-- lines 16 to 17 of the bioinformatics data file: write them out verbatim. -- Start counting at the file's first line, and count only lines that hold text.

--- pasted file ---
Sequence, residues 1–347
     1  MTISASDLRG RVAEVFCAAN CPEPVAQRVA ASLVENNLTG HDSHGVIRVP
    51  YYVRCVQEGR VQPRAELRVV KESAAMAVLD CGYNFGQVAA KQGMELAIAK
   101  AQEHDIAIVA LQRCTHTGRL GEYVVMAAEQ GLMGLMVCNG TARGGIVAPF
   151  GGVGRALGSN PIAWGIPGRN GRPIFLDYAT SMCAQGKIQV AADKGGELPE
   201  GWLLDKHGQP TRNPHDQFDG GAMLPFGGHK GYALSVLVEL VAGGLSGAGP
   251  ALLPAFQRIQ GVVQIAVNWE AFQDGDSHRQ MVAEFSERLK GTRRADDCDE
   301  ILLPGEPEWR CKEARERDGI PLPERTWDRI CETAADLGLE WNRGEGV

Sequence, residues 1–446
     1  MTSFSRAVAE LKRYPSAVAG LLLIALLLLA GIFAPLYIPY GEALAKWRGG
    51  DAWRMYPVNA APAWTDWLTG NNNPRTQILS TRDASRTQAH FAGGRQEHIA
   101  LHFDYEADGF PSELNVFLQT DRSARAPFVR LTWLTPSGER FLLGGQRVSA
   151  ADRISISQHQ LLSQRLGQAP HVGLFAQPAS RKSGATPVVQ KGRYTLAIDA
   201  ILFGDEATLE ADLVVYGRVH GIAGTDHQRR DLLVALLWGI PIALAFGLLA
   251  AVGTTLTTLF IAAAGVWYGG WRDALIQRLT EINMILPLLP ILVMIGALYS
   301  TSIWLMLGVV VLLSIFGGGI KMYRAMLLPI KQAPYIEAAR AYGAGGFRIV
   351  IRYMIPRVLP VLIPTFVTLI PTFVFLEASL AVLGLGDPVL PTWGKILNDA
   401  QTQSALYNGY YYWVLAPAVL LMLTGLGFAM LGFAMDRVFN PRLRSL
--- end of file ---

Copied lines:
   301  TSIWLMLGVV VLLSIFGGGI KMYRAMLLPI KQAPYIEAAR AYGAGGFRIV
   351  IRYMIPRVLP VLIPTFVTLI PTFVFLEASL AVLGLGDPVL PTWGKILNDA